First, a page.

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Israel to Maintain Military Presence in South Lebanon Despite the Deaths of Three IDF Soldiers

May 29, 1984
See Original Daily Bulletin From This Date

The deaths of three Israeli soldiers in south Lebanon over the weekend will not change Israel’s policy of maintaining a military presence there, senior Defense Ministry sources said today.

The three men were killed Saturday night and two other soldiers were wounded — one seriously — when their two-jeep convoy was ambushed with small arms fire and rocket-propelled grenades on a road near Kamel E-Luz, about two miles from Syrian lines on the eastern sector of the front. The sector had been quiet for nearly two months.

The incident brought Israel Defense Force casualties since the invasion of Lebanon, just one week short of two years ago, to 584 soldiers dead and nearly 4,000 wounded. But defense sources indicated that no direct retaliatory strikes are contemplated. Instead, Israel will continue its pre-emptive air strikes at selected targets in Lebanon. The most recent, last Thursday, the second in five days, according to IDF sources.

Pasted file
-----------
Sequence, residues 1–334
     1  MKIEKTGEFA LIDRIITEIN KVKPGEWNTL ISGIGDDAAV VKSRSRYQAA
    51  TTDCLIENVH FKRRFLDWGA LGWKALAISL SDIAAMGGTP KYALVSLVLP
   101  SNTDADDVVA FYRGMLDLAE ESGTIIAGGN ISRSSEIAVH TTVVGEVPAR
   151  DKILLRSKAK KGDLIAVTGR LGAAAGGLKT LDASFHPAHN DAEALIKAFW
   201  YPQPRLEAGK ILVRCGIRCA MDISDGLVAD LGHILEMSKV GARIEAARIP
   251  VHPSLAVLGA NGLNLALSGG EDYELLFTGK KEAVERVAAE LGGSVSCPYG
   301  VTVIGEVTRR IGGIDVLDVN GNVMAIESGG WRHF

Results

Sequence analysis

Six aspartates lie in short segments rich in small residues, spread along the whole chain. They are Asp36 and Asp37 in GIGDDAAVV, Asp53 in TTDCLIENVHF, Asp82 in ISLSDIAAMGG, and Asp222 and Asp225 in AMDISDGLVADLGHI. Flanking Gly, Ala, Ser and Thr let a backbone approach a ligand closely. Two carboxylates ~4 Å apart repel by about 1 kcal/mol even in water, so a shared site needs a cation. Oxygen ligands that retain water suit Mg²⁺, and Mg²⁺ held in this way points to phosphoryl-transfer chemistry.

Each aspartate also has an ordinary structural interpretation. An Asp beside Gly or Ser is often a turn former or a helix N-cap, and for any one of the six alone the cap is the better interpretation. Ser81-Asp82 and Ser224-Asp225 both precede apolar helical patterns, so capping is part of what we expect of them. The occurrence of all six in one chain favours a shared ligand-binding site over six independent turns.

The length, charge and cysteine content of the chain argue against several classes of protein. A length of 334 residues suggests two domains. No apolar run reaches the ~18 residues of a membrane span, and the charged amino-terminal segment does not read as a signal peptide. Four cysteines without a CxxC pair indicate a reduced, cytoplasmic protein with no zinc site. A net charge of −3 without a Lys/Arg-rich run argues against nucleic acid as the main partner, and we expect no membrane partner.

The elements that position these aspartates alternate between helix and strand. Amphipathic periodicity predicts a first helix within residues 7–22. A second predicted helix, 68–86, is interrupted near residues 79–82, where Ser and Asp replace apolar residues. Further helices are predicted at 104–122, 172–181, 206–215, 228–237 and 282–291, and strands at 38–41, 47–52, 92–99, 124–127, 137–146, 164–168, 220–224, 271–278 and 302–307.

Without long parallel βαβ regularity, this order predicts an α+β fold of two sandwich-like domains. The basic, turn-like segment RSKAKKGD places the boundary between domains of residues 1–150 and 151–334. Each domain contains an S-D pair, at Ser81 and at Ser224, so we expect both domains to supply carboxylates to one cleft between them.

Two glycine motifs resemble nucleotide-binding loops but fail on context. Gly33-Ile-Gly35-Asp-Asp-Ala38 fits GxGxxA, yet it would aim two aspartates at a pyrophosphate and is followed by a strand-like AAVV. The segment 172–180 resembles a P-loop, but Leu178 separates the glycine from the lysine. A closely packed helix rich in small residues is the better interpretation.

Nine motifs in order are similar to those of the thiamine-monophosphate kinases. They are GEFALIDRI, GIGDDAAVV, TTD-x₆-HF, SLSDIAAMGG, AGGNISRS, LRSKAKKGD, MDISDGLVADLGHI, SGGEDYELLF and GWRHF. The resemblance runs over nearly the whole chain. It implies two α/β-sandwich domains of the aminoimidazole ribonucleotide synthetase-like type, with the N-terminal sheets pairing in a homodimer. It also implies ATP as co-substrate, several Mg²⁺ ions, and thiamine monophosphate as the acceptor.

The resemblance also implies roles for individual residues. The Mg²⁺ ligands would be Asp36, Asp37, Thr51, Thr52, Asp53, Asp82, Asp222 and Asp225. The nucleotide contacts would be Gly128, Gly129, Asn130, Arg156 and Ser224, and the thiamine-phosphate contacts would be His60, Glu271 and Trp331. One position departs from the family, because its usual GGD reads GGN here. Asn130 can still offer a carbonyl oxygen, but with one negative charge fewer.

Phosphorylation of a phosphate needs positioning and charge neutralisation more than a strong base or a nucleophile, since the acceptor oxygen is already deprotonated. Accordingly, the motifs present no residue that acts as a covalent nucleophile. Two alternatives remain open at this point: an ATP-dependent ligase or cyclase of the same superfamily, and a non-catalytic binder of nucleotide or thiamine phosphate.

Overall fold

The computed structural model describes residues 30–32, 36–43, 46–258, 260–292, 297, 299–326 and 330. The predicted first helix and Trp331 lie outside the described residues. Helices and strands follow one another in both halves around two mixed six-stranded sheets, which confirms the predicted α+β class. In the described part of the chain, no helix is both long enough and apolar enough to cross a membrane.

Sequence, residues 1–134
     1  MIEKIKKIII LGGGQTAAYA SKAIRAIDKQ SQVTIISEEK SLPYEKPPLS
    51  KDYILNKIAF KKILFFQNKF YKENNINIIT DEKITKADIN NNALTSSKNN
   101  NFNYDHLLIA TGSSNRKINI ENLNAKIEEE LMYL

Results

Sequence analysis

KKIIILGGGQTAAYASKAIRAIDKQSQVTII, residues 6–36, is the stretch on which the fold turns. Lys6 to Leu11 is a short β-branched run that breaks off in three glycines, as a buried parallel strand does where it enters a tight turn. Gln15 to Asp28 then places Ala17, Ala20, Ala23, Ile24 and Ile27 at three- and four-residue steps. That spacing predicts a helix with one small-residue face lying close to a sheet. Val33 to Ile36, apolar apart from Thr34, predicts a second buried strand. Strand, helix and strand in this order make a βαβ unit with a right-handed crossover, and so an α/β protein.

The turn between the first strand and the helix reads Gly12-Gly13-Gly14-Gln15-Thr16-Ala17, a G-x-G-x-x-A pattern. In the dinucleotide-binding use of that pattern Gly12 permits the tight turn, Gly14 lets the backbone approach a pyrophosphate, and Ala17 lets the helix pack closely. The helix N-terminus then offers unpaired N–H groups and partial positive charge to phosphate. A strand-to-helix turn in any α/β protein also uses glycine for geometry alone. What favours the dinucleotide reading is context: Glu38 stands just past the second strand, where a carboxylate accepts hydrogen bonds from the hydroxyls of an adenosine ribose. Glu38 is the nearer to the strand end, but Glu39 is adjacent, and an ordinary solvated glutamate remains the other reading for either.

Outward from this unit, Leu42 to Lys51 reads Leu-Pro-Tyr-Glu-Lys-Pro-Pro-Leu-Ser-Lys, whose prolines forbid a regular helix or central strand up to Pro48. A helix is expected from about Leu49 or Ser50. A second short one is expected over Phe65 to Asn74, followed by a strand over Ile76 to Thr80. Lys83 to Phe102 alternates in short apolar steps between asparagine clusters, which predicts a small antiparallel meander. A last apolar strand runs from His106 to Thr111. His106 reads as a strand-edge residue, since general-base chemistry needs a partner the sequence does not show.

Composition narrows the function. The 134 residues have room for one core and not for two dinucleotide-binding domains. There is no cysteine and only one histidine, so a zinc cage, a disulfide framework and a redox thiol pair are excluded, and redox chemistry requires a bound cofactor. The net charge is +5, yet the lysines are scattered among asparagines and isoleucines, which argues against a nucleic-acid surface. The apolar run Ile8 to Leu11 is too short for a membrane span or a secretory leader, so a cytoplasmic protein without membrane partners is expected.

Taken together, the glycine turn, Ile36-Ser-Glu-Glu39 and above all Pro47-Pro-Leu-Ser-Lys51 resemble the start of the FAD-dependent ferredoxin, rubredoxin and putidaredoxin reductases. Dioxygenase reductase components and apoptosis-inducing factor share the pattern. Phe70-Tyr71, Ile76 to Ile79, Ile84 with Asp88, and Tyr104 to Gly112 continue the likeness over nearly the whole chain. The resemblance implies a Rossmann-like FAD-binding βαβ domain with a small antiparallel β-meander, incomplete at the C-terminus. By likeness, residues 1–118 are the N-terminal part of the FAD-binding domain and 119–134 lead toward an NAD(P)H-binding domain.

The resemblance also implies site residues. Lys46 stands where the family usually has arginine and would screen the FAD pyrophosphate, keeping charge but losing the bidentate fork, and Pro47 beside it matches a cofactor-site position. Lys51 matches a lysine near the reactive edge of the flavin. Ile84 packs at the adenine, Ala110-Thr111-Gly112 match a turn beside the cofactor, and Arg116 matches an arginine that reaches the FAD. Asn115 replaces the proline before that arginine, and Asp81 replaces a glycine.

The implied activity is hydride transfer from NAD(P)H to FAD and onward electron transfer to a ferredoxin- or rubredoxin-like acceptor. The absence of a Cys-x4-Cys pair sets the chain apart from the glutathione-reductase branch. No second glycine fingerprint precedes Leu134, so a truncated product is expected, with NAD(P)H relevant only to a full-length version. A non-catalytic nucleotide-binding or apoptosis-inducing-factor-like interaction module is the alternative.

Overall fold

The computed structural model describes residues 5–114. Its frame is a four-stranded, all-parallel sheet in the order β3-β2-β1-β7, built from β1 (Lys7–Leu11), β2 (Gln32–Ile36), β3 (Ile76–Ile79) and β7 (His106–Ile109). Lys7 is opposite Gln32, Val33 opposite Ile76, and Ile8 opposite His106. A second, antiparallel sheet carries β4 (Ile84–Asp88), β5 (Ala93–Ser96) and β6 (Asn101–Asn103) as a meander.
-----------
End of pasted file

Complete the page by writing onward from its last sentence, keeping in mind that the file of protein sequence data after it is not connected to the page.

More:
A military spokesman said hits were scored on a terrorist base at Bar Elias, five miles south of Zahle in the Bekaa Valley and that all aircraft returned safely. Military correspondents indicated that the raid may have been prompted by intelligence reports of planned terrorist activities or in response to terrorist attacks which injured five Israeli soliders in south Lebanon last week.

Beirut radio reported Friday that the target of the previous day’s air strike was a base used by Ahmed Jibril’s Syrian-backed Popular Front for the Liberation of Palestine-General Command. Defense Minister Moshe Arens, addressing the Engineers Club in Tel Aviv Friday, said that “as long as there are attacks” on the IDF “in Lebanon we will not leave.”

He maintained that Israel’s continued presence in south Lebanon was necessary to convince the Lebanese to come to terms with Israel. Officials in Jerusalem said today that there was no information from Beirut to confirm reports that the Lebanese government plans to ask Israel to shut down its liaison office in a northern suburb of Beirut. According to their reports, the government of Prime Minister Rashid Karameh plans to close the office.

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